Bearing in mind the high level of ASLO, the focal and segmental character of mesangial lesions and their coexistence with isolated neutrophilic granulocytes, we considered the possibility of a previous subclinical postinfectious glomerulonephritis.

In 2010, the patient still had haematuria and the previous analytical abnormalities, without displaying outbreaks of allergies during her progression. We insisted on diagnosing HCV, with samples being sent for detection by high resolution techniques (RNA in peripheral blood mononuclear cells and RNA by ultracentrifugation in serum1,2), being negative for the first but positive for the second (240 copies/ml). The FibroScan® did not detect liver disease. Liver biopsy was considered, but at present, not indicated, due to the benefit/risk balance. She reported no risk factors for HCV infection, although her medical history showed vaginal papillomavirus.

The clinical progression has been stable for four years of follow-up.

Lastly, microscopic haematuria with minimal glomerular lesions of mesangial predominance was diagnosed in a patient with occult HCV and persistently high levels of ASLO, IgM and IgE without, so far, confirming a causal relationship.3 This is the first patient to be diagnosed with occult HCV with a non-dialysis nephropathy, although the causality or relationship between factors remains to be determined. Given the history of bronchial asthma with the possibility of requiring immunosuppressant treatment,4 monitoring of the viral load by ultrasensitive techniques described1,2 is considered to be important.

We wish to thank Dr. Guillermina Barril for his knowledge about the classical occult C virus in patients on haemodialysis, which has allowed us to extrapolate this diagnosis to the rest of the patients with nephropathy.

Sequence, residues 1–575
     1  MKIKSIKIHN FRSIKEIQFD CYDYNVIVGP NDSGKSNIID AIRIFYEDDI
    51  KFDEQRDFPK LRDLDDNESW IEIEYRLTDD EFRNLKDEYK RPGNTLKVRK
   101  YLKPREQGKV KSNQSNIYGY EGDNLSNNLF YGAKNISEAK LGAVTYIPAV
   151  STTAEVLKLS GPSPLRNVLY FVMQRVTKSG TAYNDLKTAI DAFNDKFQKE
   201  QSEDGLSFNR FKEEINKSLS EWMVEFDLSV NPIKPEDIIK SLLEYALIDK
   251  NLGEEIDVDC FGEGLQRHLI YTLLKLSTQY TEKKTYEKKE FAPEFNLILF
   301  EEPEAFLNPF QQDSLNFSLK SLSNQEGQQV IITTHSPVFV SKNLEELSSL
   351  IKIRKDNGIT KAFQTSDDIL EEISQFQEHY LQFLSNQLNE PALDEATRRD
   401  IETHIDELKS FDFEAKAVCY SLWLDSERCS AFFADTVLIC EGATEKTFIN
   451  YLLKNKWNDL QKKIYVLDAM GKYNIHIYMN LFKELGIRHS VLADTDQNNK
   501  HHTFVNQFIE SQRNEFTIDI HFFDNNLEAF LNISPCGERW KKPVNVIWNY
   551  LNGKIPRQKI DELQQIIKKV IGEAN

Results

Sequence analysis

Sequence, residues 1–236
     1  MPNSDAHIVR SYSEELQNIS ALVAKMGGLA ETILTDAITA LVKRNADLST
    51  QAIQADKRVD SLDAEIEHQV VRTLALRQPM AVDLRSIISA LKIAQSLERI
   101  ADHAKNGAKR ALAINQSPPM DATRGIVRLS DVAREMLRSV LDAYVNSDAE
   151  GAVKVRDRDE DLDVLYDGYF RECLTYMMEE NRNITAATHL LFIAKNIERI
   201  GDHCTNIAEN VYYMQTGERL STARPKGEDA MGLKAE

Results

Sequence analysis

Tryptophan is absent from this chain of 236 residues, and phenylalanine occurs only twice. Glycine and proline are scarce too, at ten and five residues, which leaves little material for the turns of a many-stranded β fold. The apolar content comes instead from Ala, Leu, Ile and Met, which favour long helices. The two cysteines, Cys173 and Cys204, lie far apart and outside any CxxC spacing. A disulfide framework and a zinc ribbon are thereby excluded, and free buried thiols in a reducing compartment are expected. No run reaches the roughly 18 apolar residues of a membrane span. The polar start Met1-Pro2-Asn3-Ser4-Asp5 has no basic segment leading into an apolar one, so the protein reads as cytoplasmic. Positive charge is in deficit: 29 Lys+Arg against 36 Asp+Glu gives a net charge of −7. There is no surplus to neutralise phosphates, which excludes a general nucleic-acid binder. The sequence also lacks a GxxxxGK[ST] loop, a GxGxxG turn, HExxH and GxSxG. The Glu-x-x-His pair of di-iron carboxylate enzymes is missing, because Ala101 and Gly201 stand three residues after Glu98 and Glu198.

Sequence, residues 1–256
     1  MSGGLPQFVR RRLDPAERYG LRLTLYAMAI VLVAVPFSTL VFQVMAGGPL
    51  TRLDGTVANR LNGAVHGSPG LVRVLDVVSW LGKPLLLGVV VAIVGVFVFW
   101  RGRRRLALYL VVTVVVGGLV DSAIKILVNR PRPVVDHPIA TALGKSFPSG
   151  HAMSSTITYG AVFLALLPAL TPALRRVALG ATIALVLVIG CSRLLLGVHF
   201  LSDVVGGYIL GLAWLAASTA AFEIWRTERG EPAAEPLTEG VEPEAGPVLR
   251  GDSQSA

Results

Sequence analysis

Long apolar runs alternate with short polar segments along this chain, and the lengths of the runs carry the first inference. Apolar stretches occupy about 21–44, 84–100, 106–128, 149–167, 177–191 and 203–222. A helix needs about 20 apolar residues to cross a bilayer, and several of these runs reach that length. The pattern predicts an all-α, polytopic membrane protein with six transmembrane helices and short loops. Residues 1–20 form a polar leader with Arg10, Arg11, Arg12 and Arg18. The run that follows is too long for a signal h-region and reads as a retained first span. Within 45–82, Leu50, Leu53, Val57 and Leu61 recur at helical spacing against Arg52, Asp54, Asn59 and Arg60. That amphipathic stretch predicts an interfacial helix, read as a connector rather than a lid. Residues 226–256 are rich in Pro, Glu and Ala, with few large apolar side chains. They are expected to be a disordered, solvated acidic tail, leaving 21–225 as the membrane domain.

Conflicts of interest


The authors declare that they have no conflicts of interest related to the contents of this article.

Figure 1. Renal biopsy.

Figure 2. Renal Biopsy 2.

Bartolomé J, López-Alcorocho JM, Castillo I, Rodríguez-Iñigo E, Quiroga JA, Palacios R, et al. Ultracentrifugation of serum samples allows detection of hepatitis C virus RNA in patients with occult hepatitis C. J Virol 2007;81(14):7710-5. [Pubmed]
Carreño V, Pardo M, López-Alcorocho JM, Rodríguez-Iñigo E, Bartolomé J, Castillo I. Detection of hepatitis C virus (HCV) RNA in the liver of healthy, anti-HCV antibody-positive, serum HCV RNA-negative patients with normal alanine aminotransferase levels. J Infect Dis 2006;194(1):53-60. [Pubmed]
Fabrizi F, Martin P, Dixit V, Messa P. Hepatitis C virus infection and kidney disease: a meta-analysis. Clin J Am Soc Nephrol 2012;7(4):549-57. [Pubmed]
Lee WM, Polson JE, Carney DS, Sahin B, Gale M Jr. Reemergence of hepatitis C virus after 8.5 years in a patient with hypogammaglobulinemia: evidence for an occult viral reservoir. J Infect Dis 2005;192:1088-92. [Pubmed]